Posted on 3/11/2015 in Digital Marketing

By Dean Dorazio


CTR & Conversion Rates

Managing a paid search account can be complicated, especially when measuring success. There are a number of best practices to follow that will steer you in the right direction, but every Account Manager has their own theories as to which metrics are important to measure (of course these will vary based on the goals of the account). One set of performance metrics that are consistently useful across all accounts are the click through rate and the conversion rate. These two have an ongoing battle over which one is more important, so we’re going to take a closer look at which is more important; the click through rate or conversion rate.

What is a Click Through Rate?

The Click Through Rate (CTR) is simply the percentage of visitors that click on your ad. To find it, you divide the number of impressions your ad gets by the number of clicks on your ad. An average click through rate is 2%, but each industry has their own standards. A low click through rate can mean your keywords are not targeted enough, meaning the ad copy is irrelevant to the searcher, or that your ad copy is just not standing out among the competition. A low CTR can affect your ads placement since a lower CTR leads to a lower quality score. To raise the click through rate, make sure your keywords are specific and that the ad copy is informative but enticing to the searcher. That being said, a high CTR does not necessarily mean your ads are relevant. If you have a high CTR but a low conversion rate, you are most likely driving the wrong traffic to your page, meaning once the visitor arrives, they do not convert.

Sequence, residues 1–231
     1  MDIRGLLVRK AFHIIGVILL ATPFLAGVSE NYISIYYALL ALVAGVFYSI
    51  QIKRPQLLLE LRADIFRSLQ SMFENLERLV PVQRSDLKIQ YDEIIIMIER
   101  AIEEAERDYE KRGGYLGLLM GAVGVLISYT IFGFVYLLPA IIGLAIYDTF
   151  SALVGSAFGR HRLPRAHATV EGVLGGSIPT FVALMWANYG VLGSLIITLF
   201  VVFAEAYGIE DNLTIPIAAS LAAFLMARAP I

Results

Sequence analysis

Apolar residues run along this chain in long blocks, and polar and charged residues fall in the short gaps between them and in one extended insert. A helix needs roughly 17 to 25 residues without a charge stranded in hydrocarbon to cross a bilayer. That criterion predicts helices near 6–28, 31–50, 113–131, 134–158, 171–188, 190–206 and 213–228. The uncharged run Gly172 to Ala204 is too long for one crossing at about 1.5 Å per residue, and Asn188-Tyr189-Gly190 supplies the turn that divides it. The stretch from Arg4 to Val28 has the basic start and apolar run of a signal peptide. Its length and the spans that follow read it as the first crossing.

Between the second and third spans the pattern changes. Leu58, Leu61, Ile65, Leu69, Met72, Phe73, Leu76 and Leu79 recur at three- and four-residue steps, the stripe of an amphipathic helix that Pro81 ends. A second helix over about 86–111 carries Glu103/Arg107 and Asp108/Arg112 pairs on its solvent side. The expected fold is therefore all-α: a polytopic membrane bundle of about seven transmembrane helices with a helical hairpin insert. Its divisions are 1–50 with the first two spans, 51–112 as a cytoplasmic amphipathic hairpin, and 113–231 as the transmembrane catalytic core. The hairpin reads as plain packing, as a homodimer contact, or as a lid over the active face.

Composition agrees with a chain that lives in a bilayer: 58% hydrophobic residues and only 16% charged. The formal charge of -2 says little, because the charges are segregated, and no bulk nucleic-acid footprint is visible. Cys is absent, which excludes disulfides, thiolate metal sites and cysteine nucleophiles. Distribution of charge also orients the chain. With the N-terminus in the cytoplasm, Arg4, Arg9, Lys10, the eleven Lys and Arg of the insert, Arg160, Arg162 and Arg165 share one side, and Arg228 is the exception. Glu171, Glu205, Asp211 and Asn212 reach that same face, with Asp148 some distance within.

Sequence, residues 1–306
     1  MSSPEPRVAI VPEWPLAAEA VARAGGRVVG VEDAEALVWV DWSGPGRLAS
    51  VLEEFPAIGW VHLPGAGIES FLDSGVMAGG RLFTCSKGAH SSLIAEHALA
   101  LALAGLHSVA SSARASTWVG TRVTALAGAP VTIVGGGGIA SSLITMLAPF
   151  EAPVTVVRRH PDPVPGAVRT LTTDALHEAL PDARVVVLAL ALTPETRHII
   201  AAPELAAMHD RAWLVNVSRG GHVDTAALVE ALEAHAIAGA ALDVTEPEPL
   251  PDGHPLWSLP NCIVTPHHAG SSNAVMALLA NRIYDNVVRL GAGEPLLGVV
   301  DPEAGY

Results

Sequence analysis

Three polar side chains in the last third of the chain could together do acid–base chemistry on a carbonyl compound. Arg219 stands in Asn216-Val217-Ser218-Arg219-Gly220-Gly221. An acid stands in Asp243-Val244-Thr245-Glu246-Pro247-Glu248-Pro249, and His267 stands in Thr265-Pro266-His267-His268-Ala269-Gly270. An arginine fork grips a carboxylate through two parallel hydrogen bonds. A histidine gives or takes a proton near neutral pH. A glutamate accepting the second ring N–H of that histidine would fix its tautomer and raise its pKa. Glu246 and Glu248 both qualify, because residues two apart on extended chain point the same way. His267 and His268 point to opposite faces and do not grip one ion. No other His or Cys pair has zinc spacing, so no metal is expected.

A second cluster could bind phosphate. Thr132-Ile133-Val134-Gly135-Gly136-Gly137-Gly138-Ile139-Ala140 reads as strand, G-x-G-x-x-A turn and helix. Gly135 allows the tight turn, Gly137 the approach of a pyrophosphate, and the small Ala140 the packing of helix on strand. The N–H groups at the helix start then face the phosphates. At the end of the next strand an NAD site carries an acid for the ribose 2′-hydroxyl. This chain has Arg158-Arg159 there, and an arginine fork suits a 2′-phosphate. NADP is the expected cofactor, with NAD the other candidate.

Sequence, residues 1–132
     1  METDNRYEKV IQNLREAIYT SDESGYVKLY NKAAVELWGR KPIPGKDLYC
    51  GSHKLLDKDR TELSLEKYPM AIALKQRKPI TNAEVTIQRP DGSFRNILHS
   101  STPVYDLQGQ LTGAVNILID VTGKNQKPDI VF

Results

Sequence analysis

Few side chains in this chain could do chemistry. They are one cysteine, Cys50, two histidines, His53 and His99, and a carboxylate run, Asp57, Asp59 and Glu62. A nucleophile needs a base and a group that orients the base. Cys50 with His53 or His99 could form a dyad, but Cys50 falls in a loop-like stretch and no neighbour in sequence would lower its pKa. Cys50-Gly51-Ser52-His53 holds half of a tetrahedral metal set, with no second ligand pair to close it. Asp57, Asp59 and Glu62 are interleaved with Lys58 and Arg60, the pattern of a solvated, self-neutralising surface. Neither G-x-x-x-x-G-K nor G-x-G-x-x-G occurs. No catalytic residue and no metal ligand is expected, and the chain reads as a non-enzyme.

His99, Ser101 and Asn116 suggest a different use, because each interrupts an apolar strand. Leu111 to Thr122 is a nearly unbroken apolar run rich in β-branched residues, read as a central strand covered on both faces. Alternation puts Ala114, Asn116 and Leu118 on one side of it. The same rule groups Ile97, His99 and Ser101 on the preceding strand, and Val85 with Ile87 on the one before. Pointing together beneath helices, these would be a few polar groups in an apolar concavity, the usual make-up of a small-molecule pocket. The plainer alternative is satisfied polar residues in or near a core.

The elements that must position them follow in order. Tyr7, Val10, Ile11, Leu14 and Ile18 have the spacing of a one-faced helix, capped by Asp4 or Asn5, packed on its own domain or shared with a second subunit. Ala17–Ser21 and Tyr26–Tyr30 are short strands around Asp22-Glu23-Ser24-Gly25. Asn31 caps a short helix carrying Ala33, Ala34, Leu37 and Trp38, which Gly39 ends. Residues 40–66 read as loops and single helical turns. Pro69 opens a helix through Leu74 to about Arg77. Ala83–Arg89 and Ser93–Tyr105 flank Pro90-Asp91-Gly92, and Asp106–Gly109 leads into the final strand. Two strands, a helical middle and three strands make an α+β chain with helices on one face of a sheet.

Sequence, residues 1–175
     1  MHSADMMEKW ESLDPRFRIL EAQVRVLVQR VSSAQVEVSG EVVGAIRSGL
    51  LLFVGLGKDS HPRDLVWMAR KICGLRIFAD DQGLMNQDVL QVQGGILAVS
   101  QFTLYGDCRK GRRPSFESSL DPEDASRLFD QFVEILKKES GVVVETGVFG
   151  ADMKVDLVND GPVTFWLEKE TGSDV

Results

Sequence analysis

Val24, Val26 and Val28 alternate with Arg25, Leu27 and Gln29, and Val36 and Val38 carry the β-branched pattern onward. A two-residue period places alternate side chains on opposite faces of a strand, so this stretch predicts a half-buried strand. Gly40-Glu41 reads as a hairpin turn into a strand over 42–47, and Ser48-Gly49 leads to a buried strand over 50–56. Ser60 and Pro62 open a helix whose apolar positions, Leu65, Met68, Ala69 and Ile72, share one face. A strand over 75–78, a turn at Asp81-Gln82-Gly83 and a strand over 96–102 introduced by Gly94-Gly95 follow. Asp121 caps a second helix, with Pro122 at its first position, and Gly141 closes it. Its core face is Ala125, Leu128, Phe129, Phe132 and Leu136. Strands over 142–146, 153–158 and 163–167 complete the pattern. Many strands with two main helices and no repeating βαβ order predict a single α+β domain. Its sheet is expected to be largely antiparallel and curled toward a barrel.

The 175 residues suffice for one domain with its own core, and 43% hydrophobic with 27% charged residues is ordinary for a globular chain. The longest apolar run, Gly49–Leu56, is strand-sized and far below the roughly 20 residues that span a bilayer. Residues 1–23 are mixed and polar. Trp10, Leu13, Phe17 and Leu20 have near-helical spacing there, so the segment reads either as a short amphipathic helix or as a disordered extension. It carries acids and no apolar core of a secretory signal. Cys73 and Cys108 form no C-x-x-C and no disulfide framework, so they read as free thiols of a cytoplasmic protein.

What is a Conversion Rate?

Google defines the Conversion Rate as “the average number of conversions per ad click”. They state that “conversion rates are calculated by simply taking the number of conversions and dividing that by the number of total ad clicks that can be tracked to a conversion during the same time period. For example, if you had 50 conversions from 1,000 clicks, your conversion rate would be 5%, since 50 ÷ 1,000 = 5%”. The average conversion rate is 1%, but like the CTR, each industry has its own average. A low conversion rate can mean that your product or service is not clearly defined or that your call to action was not clear enough to warrant a purchase. It could also be that your form fill was too long or too broad. To increase your conversion rate, try A/B testing your landing pages and optimizing them with keywords targeted toward your ideal visitors. Adding a customer testimonial or special offer can also help.


So What’s More Important: CTR or Conversion Rate?

Although the click through rate is important, the ultimate goal of the ad is a sale or a lead, making the conversion rate the more important success metric. If you are driving traffic to the pages but you are not converting, the traffic was irrelevant. What’s the point in advertising if you aren’t going to convert searchers?

If you need help driving the right visitors to your website to help increase conversions, contact Wakefly today.

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